As I mentioned in the previous post, our postdoc is attending Ecological Society of America Annual Meeting in Portland this week. In addition, our lab had presence in various other international conferences and workshops this summer.
Four PhD students from our lab presented their work at the conference “Mathematical models in ecology and evolution” (MMEE) held at London in July 2017.
- Jaideep Joshi, final year student who has already submitted his thesis, presented his work on “Demographic noise and the evolution of tag-based cooperation”.
- Sumithra Sankaran, finishing her 4th year of PhD, presented her work on “Demographic noise promotes bistability in ecosystems”
- Jitesh Jhawar, finishing his 3rd year of PhD, presented his work on “Role of stochasticity in the dynamics of fish schools”
- Aakanksha Rathore, finishing her 2nd year of PhD, presented her work on “Spatial dynamics of Blackbuck herds”
Three of the students, Sumithra, Jitesh and Aakanksha, also attended BES organised one day symposium on movement ecology in London.
After the conference, Aakanksha went to visit Dr Colin Torney at University of Glasgow.
Jaideep went on to Puerto Rico to attend a workshop on tropical forest ecology.
Student trips were supported by funds from Indian Institute of Science (MHRD) and a grant from Royal society to visit Dr Torney’s lab.
We are delighted that we have been awarded an extramural research grant from Science and Engineering Research Board, Govt of India, to a project titled “Inferring nonlinear and stochastic dynamics of flocking systems from real data”.
We will get around Rs 36 lakhs plus overheads over a period of three years. The grant will support conducting experiments using fish schools and to use tools from physics to infer nonlinear dynamics of schooling fish.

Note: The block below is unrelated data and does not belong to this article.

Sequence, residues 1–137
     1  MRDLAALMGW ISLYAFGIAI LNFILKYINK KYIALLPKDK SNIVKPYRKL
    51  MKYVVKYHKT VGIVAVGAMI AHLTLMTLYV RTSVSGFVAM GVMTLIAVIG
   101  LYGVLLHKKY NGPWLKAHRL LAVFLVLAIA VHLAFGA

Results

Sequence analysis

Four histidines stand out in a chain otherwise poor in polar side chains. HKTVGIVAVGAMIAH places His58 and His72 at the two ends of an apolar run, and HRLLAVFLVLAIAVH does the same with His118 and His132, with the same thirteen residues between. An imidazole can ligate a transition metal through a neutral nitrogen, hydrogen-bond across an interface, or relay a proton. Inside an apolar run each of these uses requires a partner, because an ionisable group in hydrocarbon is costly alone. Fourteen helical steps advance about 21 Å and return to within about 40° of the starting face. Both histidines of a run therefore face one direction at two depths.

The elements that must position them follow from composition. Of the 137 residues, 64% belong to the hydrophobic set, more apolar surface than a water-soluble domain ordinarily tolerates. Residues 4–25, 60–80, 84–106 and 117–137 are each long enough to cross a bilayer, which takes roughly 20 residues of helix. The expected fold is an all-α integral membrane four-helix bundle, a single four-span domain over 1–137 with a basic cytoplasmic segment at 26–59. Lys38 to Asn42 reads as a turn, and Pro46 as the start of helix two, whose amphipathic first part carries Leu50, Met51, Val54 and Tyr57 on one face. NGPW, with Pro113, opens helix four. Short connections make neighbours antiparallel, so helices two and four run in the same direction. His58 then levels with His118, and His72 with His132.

I would like to thank our former project assistant Amith Kumar and the PhD student Jitesh Jhawar for offering immense help in the process of this grant writing and application.
This is funded by the Physical Sciences panel of SERB. It is interesting to note that two of our other grants to study collective behaviour too are funded by non-biology panels — one of them an Applied Mathematics section of CSIR and the other a Mathematics section of SERB (via Mathbio program at IISc).
We are delighted that we have been awarded an extramural research grant from Centre for Scientific and Industrial Research, Govt of India, to a project titled “A mathematical and computational model to investigate coevolutionary dynamics of cooperation in particle based models”.
The grant covers a small equipment (laptop) and salary for postdoc for two years. This grant is given by the (Applied) Mathematics section of the CSIR extramural grants.
We are delighted that Jaideep Joshi, a third year PhD student in our lab, has been selected for Young Scientists Summer Program, at IIASA, Austria. This is a highly competitive and prestigious summer program for those working in theoretical ecology and evolution. He will be working on a research project in collaboration with Dr Ulf Dieckmann and Dr. Ack Brannstrom. All the best to Jaideep!
Some updates on recent travel: